As it is well known, during the drilling of wells for the production of oil or natural gas, particular fluids are used, commonly called drilling fluids or muds, whose purpose is of primary importance for the correct and safe handling of the well preparation phase. As described, for example, in patent U.S. Pat. No. 3,035,042, drilling fluids have numerous functions: they are used for cooling and lubricating the head of the drilling bit probe; they remove and carry to the surface the cuttings produced during drilling; they help to seal and consolidate the well walls; they keep the cuttings in suspension when the drilling is momentarily stopped; they contribute to forming a hydrostatic pressure which serves to control and regulate the flow towards the surface of oil/gas under pressure when the bit reaches the reservoir.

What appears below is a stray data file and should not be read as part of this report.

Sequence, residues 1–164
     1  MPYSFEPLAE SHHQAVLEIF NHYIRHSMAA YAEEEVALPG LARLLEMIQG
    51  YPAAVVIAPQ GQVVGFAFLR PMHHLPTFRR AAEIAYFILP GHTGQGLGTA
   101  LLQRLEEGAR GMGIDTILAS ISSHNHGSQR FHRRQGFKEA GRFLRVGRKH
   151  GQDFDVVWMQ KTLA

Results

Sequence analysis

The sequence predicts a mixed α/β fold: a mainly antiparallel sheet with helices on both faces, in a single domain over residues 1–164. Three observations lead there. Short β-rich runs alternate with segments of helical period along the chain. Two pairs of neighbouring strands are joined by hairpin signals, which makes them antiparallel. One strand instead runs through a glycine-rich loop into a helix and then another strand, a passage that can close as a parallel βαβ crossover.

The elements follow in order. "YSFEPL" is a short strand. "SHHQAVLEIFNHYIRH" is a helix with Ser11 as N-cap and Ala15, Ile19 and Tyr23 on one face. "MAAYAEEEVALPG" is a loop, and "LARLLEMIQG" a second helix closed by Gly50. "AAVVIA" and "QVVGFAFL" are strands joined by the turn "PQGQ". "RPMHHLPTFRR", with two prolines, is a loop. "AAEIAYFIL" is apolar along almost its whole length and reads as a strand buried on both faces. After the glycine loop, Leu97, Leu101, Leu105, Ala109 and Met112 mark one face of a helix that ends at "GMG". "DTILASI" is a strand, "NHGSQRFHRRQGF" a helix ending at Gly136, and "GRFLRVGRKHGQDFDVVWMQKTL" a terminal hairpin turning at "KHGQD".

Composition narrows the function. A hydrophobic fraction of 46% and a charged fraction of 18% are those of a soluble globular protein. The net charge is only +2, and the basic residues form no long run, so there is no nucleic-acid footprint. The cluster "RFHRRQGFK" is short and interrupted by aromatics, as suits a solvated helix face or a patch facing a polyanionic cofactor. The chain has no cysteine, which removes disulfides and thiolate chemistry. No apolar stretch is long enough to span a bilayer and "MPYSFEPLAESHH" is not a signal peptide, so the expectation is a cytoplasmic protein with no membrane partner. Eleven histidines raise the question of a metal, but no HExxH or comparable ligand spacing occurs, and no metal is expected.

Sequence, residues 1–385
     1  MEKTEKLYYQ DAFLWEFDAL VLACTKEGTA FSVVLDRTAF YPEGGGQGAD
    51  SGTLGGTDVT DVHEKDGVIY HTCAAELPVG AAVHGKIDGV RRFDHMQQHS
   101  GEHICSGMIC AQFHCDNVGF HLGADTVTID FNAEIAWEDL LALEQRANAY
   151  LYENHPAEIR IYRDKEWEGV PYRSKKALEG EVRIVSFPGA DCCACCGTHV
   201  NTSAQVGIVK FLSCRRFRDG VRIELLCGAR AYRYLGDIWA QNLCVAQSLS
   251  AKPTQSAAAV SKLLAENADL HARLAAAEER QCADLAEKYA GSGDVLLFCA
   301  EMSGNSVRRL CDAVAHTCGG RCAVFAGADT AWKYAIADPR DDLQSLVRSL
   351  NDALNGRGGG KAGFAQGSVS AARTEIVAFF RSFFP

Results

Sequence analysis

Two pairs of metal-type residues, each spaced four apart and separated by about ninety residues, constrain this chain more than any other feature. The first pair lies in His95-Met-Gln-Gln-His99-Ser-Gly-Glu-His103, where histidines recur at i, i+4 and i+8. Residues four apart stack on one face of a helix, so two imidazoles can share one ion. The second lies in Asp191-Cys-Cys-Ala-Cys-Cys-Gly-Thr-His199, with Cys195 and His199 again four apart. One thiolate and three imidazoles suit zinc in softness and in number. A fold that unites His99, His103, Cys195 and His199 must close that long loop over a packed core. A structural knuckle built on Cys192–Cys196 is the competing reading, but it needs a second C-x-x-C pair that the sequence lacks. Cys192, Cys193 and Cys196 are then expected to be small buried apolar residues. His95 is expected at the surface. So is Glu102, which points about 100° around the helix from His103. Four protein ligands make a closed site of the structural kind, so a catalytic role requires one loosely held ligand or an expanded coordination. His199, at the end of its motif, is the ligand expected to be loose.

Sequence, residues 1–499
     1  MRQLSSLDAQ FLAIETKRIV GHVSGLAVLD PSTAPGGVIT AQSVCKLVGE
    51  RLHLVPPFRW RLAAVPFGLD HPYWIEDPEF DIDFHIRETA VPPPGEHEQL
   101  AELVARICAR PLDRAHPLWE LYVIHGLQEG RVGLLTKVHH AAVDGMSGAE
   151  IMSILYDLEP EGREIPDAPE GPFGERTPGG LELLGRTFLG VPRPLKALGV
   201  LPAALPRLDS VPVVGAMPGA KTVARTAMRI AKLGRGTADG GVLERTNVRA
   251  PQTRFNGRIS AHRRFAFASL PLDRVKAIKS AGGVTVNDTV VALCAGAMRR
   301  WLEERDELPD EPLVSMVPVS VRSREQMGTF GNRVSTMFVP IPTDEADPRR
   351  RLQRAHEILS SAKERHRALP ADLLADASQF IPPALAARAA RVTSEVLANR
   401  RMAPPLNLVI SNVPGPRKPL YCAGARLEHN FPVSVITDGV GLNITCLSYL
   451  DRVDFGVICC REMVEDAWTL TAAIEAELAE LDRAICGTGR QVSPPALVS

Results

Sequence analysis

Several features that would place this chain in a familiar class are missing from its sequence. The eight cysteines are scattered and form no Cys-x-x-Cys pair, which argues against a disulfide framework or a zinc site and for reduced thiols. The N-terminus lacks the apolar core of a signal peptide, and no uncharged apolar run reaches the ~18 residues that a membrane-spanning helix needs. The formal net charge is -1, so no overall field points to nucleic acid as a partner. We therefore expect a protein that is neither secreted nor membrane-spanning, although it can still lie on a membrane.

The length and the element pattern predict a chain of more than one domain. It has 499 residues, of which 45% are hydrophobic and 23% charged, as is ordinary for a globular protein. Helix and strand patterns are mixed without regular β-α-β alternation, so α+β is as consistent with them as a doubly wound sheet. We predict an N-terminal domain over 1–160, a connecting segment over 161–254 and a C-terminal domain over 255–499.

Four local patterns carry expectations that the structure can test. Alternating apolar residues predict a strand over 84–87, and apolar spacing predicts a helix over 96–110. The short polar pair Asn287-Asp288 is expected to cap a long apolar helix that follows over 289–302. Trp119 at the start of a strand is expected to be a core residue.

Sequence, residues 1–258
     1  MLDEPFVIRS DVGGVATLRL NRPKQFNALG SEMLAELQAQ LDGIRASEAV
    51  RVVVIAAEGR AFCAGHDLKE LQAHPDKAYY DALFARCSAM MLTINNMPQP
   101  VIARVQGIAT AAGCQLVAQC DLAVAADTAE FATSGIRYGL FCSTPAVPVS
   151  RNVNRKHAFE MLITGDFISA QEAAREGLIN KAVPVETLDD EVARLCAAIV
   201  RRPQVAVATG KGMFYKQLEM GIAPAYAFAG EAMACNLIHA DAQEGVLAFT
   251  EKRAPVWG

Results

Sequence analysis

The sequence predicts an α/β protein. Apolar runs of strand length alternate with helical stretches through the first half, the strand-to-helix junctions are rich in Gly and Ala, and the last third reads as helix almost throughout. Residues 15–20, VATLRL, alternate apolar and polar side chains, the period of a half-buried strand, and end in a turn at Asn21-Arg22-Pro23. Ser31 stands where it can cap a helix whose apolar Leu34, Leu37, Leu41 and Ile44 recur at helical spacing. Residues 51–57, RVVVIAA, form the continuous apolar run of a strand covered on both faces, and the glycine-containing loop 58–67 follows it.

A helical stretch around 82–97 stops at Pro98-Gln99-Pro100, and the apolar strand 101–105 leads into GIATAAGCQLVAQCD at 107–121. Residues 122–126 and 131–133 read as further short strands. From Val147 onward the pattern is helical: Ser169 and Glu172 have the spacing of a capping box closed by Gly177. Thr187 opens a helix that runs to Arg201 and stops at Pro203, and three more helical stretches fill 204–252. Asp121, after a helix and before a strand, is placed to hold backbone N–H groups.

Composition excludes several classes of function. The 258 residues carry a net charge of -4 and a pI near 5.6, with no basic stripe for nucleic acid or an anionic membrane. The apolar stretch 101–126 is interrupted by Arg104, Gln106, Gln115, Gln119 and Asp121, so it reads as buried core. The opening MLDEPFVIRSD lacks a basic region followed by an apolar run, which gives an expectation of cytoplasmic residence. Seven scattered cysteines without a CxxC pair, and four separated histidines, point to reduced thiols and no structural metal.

The most traditionally used drilling fluids consist of aqueous or oily dispersions of clay and/or sandy materials such as bentonite, illite, kaolinite, etc. These are fluids with a thixotropic behaviour, so that when the drilling is stopped, they tend to gelify and prevent sedimentation of the cuttings around the bit. Dispersing agents or fluidifying agents can also be added to these fluids to maintain their viscosity at low values during drilling, to enable them to easily entrain the cuttings produced by the bit. Examples of dispersing and/or fluidifying agents are lignin sulfonates, lignites, synthetic polymers of (meth)acrylic acid and/or of (meth)acrylamide, etc. Details on the composition of drilling fluids or muds can be found in European patent 565,187.